2. Formal requirement regarding the Commercial Material 

Any Commercial Material must carry the following notices:

  • The header of the Commercial Material must contain the word "Advertisement". In case the Commercial Material is distributed as an e-mail, the subject line of the e-mail message must contain the word "Advertisement". 
  • Advertiser's detailed address and contact details.
  • A statement regarding addressee's right to notify Advertiser about his or her refusal to receive any Commercial Material in the future and an explanation how to exercise such right or refusal. 

In case of a short Commercial Material, the Advertiser needs only to include his or her name and contact details for sending a refusal message. 

3. Penalties

Any breach of the requirements set forth in the Amendment shall be a civil wrong, and may also be considered as a criminal offense. In addition, the Amendment also amended Appendix II of the Class Action Law, 5766-2006 (hereafter: the "Class Action Law"), adding a claim against an Advertiser as one of the possible claims suitable for class actions. Such amendment of the Class Action Law, along with the Amendments made to the penalties section, provides the addressees with the opportunity to bond together and shares the costs of such lawsuit, and might become an incentive for filing such claims against Advertisers

There is NO case law to date on this and again interpreting it is hard because of that plus how BROADLY it was written. The Knesset Committee that legislated the Amendment stated that "Commercial Material" should be broadly defined and includes any matter distributed commercially and it was  stated that the intent of the Amendment was to close all possibilities and not leave any loopholes. So again my IMMEDIATE advice would be that if your doing business in Israel or sending to people in Israel that you run a re-confirmation campaign to ensure OPT-IN for any of the materials you might be sending and labeling the message as an advertisement if it is such.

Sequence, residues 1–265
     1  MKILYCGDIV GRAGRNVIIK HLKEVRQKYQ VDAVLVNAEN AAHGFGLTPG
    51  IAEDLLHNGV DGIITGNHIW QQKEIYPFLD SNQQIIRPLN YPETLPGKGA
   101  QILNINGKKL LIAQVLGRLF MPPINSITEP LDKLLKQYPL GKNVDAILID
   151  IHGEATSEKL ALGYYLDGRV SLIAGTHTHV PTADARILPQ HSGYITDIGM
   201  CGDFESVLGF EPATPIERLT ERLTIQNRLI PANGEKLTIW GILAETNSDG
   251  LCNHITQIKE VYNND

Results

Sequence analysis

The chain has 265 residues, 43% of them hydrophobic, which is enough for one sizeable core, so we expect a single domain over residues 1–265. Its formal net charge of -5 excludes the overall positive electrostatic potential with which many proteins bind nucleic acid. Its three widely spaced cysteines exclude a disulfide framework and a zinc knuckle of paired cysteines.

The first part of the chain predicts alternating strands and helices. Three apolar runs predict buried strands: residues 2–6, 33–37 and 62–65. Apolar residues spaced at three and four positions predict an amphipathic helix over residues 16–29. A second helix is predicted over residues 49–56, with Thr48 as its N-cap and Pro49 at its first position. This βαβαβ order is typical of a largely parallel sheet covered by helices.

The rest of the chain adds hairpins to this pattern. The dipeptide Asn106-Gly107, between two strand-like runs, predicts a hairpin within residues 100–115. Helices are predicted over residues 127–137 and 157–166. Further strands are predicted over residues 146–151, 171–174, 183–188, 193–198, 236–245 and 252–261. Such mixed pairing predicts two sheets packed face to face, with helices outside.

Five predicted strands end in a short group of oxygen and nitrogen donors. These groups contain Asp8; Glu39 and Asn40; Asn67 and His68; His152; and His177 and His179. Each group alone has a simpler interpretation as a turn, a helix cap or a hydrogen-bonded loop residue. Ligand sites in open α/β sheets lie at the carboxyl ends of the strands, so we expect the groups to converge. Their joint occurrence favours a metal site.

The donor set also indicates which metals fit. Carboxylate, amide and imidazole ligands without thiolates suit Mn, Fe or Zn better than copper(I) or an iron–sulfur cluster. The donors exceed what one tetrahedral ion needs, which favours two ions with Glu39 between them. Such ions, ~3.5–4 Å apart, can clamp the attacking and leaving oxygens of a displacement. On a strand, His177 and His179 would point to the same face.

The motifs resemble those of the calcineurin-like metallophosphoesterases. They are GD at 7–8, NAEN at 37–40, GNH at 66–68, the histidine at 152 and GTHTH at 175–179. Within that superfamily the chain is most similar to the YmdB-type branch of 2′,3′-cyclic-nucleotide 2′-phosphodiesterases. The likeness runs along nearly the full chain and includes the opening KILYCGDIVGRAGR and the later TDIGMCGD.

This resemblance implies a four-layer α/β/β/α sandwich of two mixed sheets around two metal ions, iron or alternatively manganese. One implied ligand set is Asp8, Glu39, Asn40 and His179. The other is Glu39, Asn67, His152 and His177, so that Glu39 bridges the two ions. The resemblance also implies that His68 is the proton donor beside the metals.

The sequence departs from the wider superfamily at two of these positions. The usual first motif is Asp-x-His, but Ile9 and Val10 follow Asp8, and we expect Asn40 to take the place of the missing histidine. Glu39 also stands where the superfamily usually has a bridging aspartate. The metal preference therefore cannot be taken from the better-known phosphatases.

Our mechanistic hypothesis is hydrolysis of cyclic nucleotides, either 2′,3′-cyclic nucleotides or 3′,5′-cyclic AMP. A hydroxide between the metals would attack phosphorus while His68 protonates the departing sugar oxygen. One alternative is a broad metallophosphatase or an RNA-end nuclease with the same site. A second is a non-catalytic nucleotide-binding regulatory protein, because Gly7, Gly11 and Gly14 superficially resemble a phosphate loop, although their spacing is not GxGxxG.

We strongly recommend you to review your policies and activities in order to examine whether you fall under any of the prohibition imposed by the Amendment and seek any additional legal advice you may need.

-Dennis
Eloqua

Don't Just Send, Deliver!


This post is being provided for informational purposes only. Nothing in this post shall be construed as creating a representation, legal advice, warranty or commitment, contractual or otherwise, by deliverability.com, it's guest posters, Eloqua Limited or any affiliate of Eloqua, to you or any other person or entity. It also does not guarantee that your email and/or any other aspect of your business is in compliance with state, federal, or International laws. We are making no representation, warranty or commitment that any message you send to end users will be delivered. This post is not a substitute for, should not be used in place of, and should not be considered, legal advice. It is recommended that you contact your general or legal counsel.

Dennis Dayman

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4 Responses to “New Anti-Spam Law: Israel”

  1. J.D.
    December 3, 2008 at 11:24 pm #

    From what I've been reading, it's too late for that reconfirmation blast. The deadline for converting existing recipients to opt-in was this past Monday.

    http://boxofmeat.net/post/62759520/international-herald-tribune-israel-cracks-down-on

    But, obviously, you should contact a lawyer in Israel to be certain.

  2. Robin Wilton
    February 10, 2009 at 7:00 am #

    I think you may be mis-stating the point somewhat. As I understand it from this SecuriTeam blog post, the law applies when the originator or the beneficiary of the spam is Israeli. Thus, if you are a US company and you spam Israeli citizens, it is unlikely to give rise to a suit under this law.

    http://blogs.securiteam.com/index.php/archives/1194

  3. Aaron Applebaum
    August 17, 2009 at 2:51 am #

    Does anyone know where complaints should be filed? It is a great law that a lot of companies are ignoring. What practical recourse does the Spammed consumer have after this wonderfull new law is on the books?

  4. Israel Law Office
    January 16, 2010 at 4:32 pm #

    The inbox is clean of local spammers these days. But a lot of work is to be done in other countries.